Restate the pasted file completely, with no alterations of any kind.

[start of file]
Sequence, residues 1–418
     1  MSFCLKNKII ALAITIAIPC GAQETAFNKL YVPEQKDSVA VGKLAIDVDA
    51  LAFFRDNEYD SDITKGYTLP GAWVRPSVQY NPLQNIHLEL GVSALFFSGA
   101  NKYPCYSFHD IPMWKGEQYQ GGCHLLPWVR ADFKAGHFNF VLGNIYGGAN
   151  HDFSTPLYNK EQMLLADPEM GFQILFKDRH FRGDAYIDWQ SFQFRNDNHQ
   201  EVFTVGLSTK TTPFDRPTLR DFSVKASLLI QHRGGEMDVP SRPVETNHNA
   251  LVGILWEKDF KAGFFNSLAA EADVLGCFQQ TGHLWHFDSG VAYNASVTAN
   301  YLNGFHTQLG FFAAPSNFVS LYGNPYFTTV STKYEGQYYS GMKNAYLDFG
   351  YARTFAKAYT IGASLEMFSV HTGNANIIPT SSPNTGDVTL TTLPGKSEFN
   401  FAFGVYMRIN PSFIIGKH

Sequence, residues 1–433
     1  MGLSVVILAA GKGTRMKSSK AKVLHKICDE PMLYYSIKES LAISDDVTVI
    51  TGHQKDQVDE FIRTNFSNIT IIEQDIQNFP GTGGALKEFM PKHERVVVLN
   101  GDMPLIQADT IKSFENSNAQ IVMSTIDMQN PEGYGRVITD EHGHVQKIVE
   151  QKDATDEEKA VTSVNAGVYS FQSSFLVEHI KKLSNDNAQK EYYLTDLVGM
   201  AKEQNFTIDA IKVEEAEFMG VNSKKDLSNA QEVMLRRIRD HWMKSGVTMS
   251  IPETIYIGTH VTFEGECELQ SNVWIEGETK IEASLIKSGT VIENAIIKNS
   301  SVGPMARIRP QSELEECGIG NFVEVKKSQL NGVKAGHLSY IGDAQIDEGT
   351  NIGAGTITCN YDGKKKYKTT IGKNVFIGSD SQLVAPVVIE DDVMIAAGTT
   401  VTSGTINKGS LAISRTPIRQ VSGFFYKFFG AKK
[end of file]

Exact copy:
Sequence, residues 1–418
     1  MSFCLKNKII ALAITIAIPC GAQETAFNKL YVPEQKDSVA VGKLAIDVDA
    51  LAFFRDNEYD SDITKGYTLP GAWVRPSVQY NPLQNIHLEL GVSALFFSGA
   101  NKYPCYSFHD IPMWKGEQYQ GGCHLLPWVR ADFKAGHFNF VLGNIYGGAN
   151  HDFSTPLYNK EQMLLADPEM GFQILFKDRH FRGDAYIDWQ SFQFRNDNHQ
   201  EVFTVGLSTK TTPFDRPTLR DFSVKASLLI QHRGGEMDVP SRPVETNHNA
   251  LVGILWEKDF KAGFFNSLAA EADVLGCFQQ TGHLWHFDSG VAYNASVTAN
   301  YLNGFHTQLG FFAAPSNFVS LYGNPYFTTV STKYEGQYYS GMKNAYLDFG
   351  YARTFAKAYT IGASLEMFSV HTGNANIIPT SSPNTGDVTL TTLPGKSEFN
   401  FAFGVYMRIN PSFIIGKH

Sequence, residues 1–433
     1  MGLSVVILAA GKGTRMKSSK AKVLHKICDE PMLYYSIKES LAISDDVTVI
    51  TGHQKDQVDE FIRTNFSNIT IIEQDIQNFP GTGGALKEFM PKHERVVVLN
   101  GDMPLIQADT IKSFENSNAQ IVMSTIDMQN PEGYGRVITD EHGHVQKIVE
   151  QKDATDEEKA VTSVNAGVYS FQSSFLVEHI KKLSNDNAQK EYYLTDLVGM
   201  AKEQNFTIDA IKVEEAEFMG VNSKKDLSNA QEVMLRRIRD HWMKSGVTMS
   251  IPETIYIGTH VTFEGECELQ SNVWIEGETK IEASLIKSGT VIENAIIKNS
   301  SVGPMARIRP QSELEECGIG NFVEVKKSQL NGVKAGHLSY IGDAQIDEGT
   351  NIGAGTITCN YDGKKKYKTT IGKNVFIGSD SQLVAPVVIE DDVMIAAGTT
   401  VTSGTINKGS LAISRTPIRQ VSGFFYKFFG AKK